debt

A bankruptcy geared to lower car payment?

Justin HarelikQuestionDear Bankruptcy Adviser,
Is there a bankruptcy you can file and keep what you have and just pay what you can? I have a 2010 new truck with a monthly payment of $700. But my job of 22 years has taken a turn for the worse. I need to keep my truck and I'm willing to pay. But I just can't afford $700 a month. I can afford $400 to $500. What are my options?
-- Paul

AnswerDear Paul,
Usually clients explore this option when the lender is unwilling to alter the loan terms. They have already asked for a loan modification and the lender prefers to keep everything the same. We get a lot of bankruptcy business because of lender inflexibility.

I doubt you would achieve your goal of lowering the payment in bankruptcy. You have a brand-new vehicle and the car loan is likely for a term of four to six years. The only way filing bankruptcy could help is if you had a very high interest rate. And even in that scenario, the payment will likely not be lowered enough to make bankruptcy worthwhile.

A Chapter 13 bankruptcy would be the only type to meet your intended goal. But it is not as simple as a "pay what you can" approach. You will have a monthly payment for the next three to five years made directly to a person, called a trustee, assigned by the court to oversee your case. The trustee distributes that payment to some or all of your creditors while you are in Chapter 13.

The length of time of the case is either three or five years. Your income determines the length of the reorganization period. If your income is below the state median, you need to develop a three-year plan. If it's more, you must stay in Chapter 13 for five years.

The size of your monthly payment to the trustee depends on how much you make, minus what the court deems to be acceptable living expenses.

In some cases, this strategy works. A car loan is considered a secured claim because the lender holds title to the car until the loan is paid. This means that usually the car lender will be paid before any other creditors. (Two big exceptions to this rule are overdue state or federal taxes and delinquent child or spousal support payments.)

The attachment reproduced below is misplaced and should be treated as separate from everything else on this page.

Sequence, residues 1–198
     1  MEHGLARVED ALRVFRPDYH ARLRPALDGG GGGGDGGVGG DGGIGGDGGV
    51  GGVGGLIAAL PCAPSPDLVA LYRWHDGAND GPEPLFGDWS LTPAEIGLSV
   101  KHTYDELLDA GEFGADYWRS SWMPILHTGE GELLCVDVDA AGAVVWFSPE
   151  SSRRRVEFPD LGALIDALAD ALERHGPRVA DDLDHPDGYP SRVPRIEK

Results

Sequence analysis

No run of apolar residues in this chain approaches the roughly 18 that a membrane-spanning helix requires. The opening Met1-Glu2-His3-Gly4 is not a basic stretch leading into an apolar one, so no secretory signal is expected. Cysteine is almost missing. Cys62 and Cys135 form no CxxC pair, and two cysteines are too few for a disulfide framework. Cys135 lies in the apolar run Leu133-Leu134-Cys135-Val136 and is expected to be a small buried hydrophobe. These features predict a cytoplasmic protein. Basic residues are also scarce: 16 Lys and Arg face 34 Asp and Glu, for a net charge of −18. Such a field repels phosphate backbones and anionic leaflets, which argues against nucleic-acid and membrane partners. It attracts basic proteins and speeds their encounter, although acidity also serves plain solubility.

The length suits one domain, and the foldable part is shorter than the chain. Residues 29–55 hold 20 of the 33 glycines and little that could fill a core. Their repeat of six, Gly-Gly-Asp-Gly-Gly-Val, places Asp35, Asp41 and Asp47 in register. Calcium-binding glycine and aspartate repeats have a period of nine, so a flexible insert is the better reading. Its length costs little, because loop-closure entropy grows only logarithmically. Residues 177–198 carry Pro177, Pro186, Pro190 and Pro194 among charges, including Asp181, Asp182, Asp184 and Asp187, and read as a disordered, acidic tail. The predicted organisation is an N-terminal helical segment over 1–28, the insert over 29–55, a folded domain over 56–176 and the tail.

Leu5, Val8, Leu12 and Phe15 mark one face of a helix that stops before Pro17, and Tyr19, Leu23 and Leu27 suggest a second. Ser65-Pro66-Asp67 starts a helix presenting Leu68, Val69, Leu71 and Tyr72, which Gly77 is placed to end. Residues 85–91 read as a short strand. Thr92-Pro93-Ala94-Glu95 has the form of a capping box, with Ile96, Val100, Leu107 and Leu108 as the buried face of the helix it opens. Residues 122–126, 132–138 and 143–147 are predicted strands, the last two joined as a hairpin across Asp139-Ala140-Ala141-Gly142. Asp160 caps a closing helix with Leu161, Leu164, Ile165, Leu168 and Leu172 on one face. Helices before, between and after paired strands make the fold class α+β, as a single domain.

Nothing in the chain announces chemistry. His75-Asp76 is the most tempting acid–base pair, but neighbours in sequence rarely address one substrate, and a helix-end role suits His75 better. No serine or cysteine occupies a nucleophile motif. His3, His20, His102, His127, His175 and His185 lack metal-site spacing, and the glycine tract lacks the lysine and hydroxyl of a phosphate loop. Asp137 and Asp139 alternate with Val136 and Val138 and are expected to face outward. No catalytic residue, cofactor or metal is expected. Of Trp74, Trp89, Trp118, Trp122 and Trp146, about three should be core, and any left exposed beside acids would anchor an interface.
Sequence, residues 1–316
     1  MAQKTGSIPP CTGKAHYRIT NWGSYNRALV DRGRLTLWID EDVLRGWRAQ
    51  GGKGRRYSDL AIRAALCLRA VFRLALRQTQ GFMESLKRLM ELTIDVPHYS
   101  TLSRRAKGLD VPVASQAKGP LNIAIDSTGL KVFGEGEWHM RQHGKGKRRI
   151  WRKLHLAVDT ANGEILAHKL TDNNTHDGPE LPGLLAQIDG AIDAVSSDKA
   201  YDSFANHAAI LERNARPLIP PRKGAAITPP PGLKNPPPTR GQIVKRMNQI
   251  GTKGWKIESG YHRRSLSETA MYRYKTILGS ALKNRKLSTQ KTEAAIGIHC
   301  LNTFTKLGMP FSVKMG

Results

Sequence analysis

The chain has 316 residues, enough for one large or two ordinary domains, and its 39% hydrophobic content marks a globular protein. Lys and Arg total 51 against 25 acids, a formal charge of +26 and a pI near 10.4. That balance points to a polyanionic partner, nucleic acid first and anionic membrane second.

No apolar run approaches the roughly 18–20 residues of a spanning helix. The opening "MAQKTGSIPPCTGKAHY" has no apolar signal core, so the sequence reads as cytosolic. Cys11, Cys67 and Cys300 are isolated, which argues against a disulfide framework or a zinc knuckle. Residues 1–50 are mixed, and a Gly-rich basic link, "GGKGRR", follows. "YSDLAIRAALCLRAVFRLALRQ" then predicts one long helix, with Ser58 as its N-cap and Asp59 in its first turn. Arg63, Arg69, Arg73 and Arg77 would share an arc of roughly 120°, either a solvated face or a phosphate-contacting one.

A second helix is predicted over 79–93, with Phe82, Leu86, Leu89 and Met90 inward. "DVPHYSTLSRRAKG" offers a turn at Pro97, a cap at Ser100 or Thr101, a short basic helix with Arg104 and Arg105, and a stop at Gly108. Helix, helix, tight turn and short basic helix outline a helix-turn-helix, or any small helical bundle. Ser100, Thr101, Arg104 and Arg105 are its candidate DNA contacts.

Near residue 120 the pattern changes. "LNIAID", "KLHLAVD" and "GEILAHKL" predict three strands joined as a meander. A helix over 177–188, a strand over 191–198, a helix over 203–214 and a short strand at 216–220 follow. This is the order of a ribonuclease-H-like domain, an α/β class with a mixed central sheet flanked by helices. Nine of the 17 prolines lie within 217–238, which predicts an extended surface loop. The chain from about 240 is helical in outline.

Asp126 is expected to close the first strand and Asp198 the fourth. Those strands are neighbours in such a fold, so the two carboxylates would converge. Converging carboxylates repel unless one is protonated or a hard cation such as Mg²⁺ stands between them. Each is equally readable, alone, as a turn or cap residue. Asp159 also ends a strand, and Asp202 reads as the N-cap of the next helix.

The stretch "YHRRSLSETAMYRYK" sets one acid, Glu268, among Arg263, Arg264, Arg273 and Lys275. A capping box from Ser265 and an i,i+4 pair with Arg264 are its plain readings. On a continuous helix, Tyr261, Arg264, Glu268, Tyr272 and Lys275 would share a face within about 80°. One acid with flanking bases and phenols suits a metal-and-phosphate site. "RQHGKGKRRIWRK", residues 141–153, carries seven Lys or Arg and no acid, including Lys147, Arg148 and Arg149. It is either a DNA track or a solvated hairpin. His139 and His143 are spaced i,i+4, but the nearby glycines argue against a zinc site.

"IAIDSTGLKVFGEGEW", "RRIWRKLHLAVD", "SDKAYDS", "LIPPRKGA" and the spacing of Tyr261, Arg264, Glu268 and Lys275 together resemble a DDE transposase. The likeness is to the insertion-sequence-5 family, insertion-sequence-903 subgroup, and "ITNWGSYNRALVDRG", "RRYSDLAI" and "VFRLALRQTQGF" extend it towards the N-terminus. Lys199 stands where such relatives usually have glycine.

In the Chapter 13, the interest rate on the truck could be reduced to as low as the 5 percent range by the judge. (However, if the interest rate on your loan is currently less than that, the rate may actually increase.) And the remaining balance owed on the truck will be paid in full over the course of the bankruptcy. The bankruptcy rules say car loans less than 910 days old must be paid in full, and you mention your car is a 2010 model.

Any other credit card, personal loans or unsecured debt will also be included in the bankruptcy. Whether those creditors get paid anything will depend on the monthly payment you are making to the court.

That is the easy answer. I have filed many cases similar to yours. I simply try to make sure that the client is aware of the possible outcomes. Here are three leading factors to consider.

One, you are inside an active bankruptcy for quite some time. You might see an increase or decrease in income during that time, which usually has an impact on your case. Your payment to the court would increase if you start earning more.

Two, you will be paying attorney fees and court fees throughout the bankruptcy. Even with those fees, the overall payment can be lower. Spreading out payments on a loan with a low balance or high interest, for instance, could mean the monthly installment drops, even though you are paying additional costs.

And three, depending on the state and district in which you reside, you may have to surrender future tax return refunds to the court. Each state and district has different local rules. You need to explore local rules prior to filing.

You should not do anything before fully exploring the possible consequences.

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